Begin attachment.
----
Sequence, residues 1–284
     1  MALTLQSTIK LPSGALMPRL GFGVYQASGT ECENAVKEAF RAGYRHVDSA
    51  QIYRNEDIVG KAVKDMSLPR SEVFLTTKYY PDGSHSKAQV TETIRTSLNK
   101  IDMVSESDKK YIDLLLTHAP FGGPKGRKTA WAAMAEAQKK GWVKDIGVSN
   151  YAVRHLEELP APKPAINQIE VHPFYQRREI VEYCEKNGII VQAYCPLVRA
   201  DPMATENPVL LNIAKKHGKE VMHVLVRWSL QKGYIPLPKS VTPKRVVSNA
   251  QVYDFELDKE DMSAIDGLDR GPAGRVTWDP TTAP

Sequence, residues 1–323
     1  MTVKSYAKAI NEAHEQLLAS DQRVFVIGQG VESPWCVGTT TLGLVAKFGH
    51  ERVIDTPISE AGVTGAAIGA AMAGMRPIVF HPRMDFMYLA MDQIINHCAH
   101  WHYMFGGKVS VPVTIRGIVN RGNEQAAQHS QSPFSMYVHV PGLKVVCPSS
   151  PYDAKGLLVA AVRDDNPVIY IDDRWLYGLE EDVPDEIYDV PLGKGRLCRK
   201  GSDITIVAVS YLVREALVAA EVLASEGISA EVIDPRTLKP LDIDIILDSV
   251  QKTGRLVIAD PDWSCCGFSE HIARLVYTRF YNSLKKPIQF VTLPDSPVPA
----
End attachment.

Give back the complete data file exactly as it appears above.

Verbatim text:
Sequence, residues 1–284
     1  MALTLQSTIK LPSGALMPRL GFGVYQASGT ECENAVKEAF RAGYRHVDSA
    51  QIYRNEDIVG KAVKDMSLPR SEVFLTTKYY PDGSHSKAQV TETIRTSLNK
   101  IDMVSESDKK YIDLLLTHAP FGGPKGRKTA WAAMAEAQKK GWVKDIGVSN
   151  YAVRHLEELP APKPAINQIE VHPFYQRREI VEYCEKNGII VQAYCPLVRA
   201  DPMATENPVL LNIAKKHGKE VMHVLVRWSL QKGYIPLPKS VTPKRVVSNA
   251  QVYDFELDKE DMSAIDGLDR GPAGRVTWDP TTAP

Sequence, residues 1–323
     1  MTVKSYAKAI NEAHEQLLAS DQRVFVIGQG VESPWCVGTT TLGLVAKFGH
    51  ERVIDTPISE AGVTGAAIGA AMAGMRPIVF HPRMDFMYLA MDQIINHCAH
   101  WHYMFGGKVS VPVTIRGIVN RGNEQAAQHS QSPFSMYVHV PGLKVVCPSS
   151  PYDAKGLLVA AVRDDNPVIY IDDRWLYGLE EDVPDEIYDV PLGKGRLCRK
   201  GSDITIVAVS YLVREALVAA EVLASEGISA EVIDPRTLKP LDIDIILDSV
   251  QKTGRLVIAD PDWSCCGFSE HIARLVYTRF YNSLKKPIQF VTLPDSPVPA